My Rating: 5 out of 5
Summary (from Goodreads): Before scientists found the cure, people thought love was a good thing. They didn’t understand that once love -- the deliria -- blooms in your blood, there is no escaping its hold. Things are different now. Scientists are able to eradicate love, and the governments demands that all citizens receive the cure upon turning eighteen. Lena Holoway has always looked forward to the day when she’ll be cured. A life without love is a life without pain: safe, measured, predictable, and happy.
But with ninety-five days left until her treatment, Lena does the unthinkable: She falls in love.
My Summary: Lena's life has always been filled with tragedy, but thanks to 'the Cure' - the cure developed by scientists for the 'disease' known as love - Lena knows she won't be suffering for long. Like her sister and her aunt and everyone else over 18, Lena will soon undergo 'the procedure' and be rid of the risk of falling in love forever.
But the cure has side effects, and the fact that Lena's mom underwent it 3 times without any real improvement worries her - she wants to be cured as fast as possible. Then, right as she's in the middle of her evaluation, the Invalids decide to disrupt everything. Right before she's ushered out of the room, Lena spots someone sitting in the upper level of the auditorium and laughing at the destruction below.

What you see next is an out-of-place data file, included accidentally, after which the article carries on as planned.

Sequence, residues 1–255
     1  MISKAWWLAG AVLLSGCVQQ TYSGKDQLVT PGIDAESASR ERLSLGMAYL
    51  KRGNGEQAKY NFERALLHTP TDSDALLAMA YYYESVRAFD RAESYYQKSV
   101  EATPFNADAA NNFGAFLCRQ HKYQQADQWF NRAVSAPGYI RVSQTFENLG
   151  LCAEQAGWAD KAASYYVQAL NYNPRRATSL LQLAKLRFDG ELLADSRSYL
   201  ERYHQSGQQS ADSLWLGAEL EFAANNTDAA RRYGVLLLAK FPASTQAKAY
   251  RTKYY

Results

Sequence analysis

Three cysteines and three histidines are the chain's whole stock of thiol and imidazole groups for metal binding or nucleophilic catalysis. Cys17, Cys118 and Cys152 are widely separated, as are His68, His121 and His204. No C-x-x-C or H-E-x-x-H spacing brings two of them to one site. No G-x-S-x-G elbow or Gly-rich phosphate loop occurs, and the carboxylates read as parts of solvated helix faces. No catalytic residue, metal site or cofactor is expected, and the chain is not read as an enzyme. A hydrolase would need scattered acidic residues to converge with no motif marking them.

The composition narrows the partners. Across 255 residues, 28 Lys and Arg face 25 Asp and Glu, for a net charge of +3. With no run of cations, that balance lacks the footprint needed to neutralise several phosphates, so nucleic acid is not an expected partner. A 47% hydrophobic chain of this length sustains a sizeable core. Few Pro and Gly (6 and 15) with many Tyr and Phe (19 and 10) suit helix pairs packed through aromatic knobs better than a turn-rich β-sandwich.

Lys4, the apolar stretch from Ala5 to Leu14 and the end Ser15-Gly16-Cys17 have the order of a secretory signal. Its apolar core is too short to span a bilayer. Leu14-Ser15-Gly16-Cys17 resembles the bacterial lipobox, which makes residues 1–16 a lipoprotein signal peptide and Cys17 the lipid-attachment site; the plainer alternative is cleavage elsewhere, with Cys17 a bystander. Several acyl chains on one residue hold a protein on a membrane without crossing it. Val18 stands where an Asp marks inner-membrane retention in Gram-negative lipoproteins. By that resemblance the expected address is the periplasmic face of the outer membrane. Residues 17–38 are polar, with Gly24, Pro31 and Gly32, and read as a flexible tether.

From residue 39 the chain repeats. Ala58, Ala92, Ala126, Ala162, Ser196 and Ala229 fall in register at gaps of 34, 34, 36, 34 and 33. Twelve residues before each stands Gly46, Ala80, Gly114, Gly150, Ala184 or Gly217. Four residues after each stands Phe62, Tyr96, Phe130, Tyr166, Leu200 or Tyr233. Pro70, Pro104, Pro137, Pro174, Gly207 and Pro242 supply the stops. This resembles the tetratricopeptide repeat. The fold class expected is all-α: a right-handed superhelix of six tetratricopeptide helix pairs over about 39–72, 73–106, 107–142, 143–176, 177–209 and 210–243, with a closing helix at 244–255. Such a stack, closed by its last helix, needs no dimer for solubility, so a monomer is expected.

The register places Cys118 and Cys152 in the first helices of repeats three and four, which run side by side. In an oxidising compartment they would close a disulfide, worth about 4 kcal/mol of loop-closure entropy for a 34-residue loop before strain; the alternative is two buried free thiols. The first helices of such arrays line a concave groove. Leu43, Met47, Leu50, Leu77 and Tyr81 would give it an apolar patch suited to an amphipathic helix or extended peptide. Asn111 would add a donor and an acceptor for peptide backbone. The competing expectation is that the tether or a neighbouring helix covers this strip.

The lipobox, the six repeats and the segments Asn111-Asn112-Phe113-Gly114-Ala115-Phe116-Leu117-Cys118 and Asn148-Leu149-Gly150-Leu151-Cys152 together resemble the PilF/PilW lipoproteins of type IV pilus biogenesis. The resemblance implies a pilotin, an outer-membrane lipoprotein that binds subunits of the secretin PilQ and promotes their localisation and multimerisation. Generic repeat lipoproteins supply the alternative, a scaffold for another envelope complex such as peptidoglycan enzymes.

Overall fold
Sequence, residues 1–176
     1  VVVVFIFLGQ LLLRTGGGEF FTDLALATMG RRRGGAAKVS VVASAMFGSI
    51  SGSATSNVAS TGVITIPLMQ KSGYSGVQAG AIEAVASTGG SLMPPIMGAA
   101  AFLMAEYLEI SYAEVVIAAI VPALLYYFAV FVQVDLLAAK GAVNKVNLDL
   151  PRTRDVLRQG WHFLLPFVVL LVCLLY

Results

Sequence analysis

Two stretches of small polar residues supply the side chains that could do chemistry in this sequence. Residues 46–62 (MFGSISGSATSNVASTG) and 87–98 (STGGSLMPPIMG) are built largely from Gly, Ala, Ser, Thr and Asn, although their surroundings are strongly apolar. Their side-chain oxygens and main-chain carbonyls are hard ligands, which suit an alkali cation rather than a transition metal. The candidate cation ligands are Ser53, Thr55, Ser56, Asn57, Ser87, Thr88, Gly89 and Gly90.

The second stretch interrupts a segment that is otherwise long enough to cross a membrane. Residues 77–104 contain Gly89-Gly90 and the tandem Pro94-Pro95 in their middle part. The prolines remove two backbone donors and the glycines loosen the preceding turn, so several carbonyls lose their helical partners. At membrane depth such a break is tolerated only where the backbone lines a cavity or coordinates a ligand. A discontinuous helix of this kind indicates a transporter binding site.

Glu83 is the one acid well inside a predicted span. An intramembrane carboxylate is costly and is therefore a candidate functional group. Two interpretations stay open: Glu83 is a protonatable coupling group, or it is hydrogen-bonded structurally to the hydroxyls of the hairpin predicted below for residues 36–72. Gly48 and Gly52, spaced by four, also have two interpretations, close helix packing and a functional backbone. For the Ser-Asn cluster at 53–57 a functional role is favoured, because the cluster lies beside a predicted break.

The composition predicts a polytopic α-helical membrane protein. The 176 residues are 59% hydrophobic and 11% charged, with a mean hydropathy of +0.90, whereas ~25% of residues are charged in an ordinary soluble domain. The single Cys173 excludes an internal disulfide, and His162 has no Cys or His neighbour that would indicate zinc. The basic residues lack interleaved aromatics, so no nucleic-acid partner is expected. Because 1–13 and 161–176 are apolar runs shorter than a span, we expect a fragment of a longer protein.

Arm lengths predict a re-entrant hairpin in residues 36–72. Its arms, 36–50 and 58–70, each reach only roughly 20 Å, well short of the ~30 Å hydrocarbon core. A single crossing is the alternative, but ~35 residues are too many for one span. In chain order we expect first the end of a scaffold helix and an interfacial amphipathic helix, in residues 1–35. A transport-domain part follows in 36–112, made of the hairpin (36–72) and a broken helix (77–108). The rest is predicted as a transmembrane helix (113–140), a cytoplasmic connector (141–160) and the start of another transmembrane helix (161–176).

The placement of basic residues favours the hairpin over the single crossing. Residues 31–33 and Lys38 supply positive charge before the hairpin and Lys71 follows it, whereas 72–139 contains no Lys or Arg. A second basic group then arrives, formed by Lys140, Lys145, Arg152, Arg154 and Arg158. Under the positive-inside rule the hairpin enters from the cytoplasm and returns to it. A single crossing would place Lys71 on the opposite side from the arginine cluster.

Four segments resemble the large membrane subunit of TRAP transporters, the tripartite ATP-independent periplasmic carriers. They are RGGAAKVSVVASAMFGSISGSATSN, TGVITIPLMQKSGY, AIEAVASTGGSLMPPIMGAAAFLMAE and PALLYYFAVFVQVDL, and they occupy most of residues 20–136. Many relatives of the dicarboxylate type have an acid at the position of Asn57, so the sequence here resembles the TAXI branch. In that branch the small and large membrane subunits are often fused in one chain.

She forgets all about this mysterious stranger until her and her best friend Hana run into him after sneaking into a government building. But instead of calling the authorities on them, the boy - Alex, someone who's already been 'cured' - lets them off and invites Lena back to watch the sunset from the roof.
But Alex is hiding a secret, and it's one so big that it puts both their lives in danger.
My Thoughts: I waited a few days to write this review because after finishing the book, I wanted to wait and make sure I still felt the same way about it after thinking about it for a while (you know what I mean). And guess what? Even 3 days later, I still love it.
Lauren Oliver has been one of my tip favourite authors since I read Before I Fall last year, so I was expecting a lot out of Delirium. I wasn't disappointed. Although the book takes place in a limited setting, Lauren Oliver managed to keep me hooked, desperate to find out what happened with Lena and Alex. Oliver's writing was beautiful as always, and even if it doesn't seem like it at first, it's really very deep (unlike a lot of dystopian novels that just concentrate on the plot). I found myself using stickie notes to save my favourite quotes for reading later on, and by the time I was finished, there were over 30 little tabs sticking out of my book. My favourite quote:
"Love, the dealiest of all deadly things: It kills you both when you have it and when you don't.
But that isn't it, exactly.
The condemner and the condemned. The executioner; the blade; the last-minute repreive; the gasping breath and the rolling sky above and the thank you, thank you, thank you, God.
Love: It will kill you and save you, both."
I don't know about you, but I thought this was absolutely beautiful.
Final Thoughts: I know there have been a lot of mixed feelings about this book, but I definitely recommend it to anyone who liked dystopian novels, romance novels, or even just wants to read a well-written book with lots of suspense and action.